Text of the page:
The comments have reminded me that this is actually as much my grandfather’s tale as my mother’s. What she did as a young child would have been lost if it hadn’t been for his careful preservation. It would have been so easy to trim and cut down the trees and burn them or have them taken away. The keepsake would have been lost.
      I wonder how many things in our lives are disposed of and forgotten without us realizing how important they were.

  17. In art there are no mistakes just opportunities.
    This is a lovely story and priceless keepsake.

  18. What a beautiful story and keepsake. Even though your grandfather called it a mistake he knew the value and didn’t destroy it. Bless his heart.

    • You know, Gerlinde, I’ve thought about that. Maybe his definition of a mistake was more of a nice accident, something unplanned but ultimately useful? He spoke precisely in a rich, strong but calm voice, and when he called the little wagon-in-wood a mistake, I don’t remember thinking he was disparaging it.
      I very grateful he saved it. Yes, bless his heart.

  19. beautiful story friend

  20. This is the best story I read today! I love her ingenuity along with feeling bad for your Mom’s apparently busy life! She certainly got side tracked and didn’t come back for that wagon!! I also think the gift is well worth the reason why it got there, becoming a legacy, a story to be passed down and a family heirloom artistic ‘sculpture.’ Wonderful and so great you included the photo, it makes it so ‘real!’ Smiles, Robin

    • When I hold this wagon-in-wood, Robin, I picture my mom as a child, busily going from one activity to another, arms wide open to embrace whatever came next. Children have such short attention spans; I’m so very glad my grandfather saw the uniqueness of the “art” that formed and saved it!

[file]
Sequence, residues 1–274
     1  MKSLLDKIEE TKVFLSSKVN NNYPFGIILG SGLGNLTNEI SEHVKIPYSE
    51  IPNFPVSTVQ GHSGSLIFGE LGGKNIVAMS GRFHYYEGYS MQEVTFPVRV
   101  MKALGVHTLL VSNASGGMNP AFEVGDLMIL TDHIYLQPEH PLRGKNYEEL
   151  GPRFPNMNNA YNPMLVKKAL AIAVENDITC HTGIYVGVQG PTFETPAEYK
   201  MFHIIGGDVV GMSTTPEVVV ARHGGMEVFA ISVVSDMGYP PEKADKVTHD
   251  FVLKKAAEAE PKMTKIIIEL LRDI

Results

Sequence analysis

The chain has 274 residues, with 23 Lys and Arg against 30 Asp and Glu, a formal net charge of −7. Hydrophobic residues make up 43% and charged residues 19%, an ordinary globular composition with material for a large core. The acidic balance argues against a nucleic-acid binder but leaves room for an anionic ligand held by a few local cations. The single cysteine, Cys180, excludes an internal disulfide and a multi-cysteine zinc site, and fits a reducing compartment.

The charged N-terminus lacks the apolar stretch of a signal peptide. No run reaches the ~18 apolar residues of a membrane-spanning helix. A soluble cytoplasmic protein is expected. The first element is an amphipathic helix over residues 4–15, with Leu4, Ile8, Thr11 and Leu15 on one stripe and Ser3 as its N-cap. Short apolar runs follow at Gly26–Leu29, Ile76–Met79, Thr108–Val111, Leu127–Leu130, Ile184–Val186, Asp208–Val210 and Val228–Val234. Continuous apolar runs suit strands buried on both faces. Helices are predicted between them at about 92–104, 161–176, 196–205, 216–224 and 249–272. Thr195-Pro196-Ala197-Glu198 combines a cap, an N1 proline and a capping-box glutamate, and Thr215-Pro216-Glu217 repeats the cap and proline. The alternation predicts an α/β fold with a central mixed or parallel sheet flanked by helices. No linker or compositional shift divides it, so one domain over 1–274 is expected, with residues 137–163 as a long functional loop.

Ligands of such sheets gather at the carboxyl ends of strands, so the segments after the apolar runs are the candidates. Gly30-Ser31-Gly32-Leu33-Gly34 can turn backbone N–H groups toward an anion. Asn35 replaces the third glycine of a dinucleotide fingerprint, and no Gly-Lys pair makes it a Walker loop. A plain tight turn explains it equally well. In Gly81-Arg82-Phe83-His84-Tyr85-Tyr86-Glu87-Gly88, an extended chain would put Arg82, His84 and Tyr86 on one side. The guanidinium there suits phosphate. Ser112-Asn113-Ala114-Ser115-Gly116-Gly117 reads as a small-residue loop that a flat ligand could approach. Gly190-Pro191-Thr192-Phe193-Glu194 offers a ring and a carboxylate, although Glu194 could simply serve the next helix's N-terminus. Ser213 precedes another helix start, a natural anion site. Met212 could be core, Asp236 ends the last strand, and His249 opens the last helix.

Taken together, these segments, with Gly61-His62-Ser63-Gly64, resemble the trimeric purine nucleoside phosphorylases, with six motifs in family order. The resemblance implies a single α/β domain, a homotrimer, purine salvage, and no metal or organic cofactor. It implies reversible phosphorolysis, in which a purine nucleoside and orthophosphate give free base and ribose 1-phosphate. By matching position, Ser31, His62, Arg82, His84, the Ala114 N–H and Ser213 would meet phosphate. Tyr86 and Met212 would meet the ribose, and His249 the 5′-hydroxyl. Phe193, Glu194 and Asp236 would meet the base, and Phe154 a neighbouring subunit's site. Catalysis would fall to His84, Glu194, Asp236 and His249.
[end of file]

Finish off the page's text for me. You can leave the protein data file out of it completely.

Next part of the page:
21. How wonderful! Such an amazing keepsake that conjures up all kinds of pictures of the girl your mother was.

    • You know, Andrea, it’s one of the few remaining objects from her childhood. The clothes were handed down or given away or made into quilts; the toys, especially dolls and buggies, were well loved but passed on to other children long before I was born, etc. This little wagon evokes so many images of my mother as a child, so it’s a treasure. I just wish she could remember it.

  22. What a wonderful story, Marylin. I can’t wait to hear if your mother recognizes the wagon, when you see her in August.

  23. I’ll let you know, Jill. Fingers crossed!

  24. I’m with you, Marylin – NOT a mistake. A gift from God and a legacy from your mom. Blessed, indeed.

    • It really is, Shel. And it’s one of those things I won’t paint a better color or get tired of. Each time I touch the little wagon, I get all kind of images of my mother as a child! It’s a gift that helps to put in perspective what the dementia has taken away.

  25. Nancy Parker Brummett

    What a precious keepsake, Marylin. Definitely one of a kind!

  26. Thanks, Nancy. One of a kind is right, though I’m tempted to put special little toys in the “v” of tree branches and see what happens!

  27. What a totally endearing story this is Marylin! I just love how you weave together your family memories with quotes to bring in humour and then leave us with your own poignant and thought-provoking legacy. I have this image of your mom as a young girl playing outside with her siblings and then finding this special, secret place in which to store her wagon, of your grandfather who must have seen it as a piece of art to be treasured when he found it and painted it and then..I go from that to the hilarious photo of the lama with your caption which had me laughing out loud! Dear Marylin, I do enjoy coming over here and reading your delightful posts and I’m so glad to catch you before I sign off from blogging today. I hope that you have a good couple of weeks ahead and I’ll see you soon my friend 🙂

    • You’re going to have a wonderful time, Sherri. And I have a feeling you’ll be filling notebooks with your writing. New thoughts and ideas appear when we get away from the keyboard, you know!
      Can’t wait to read your tales when you return!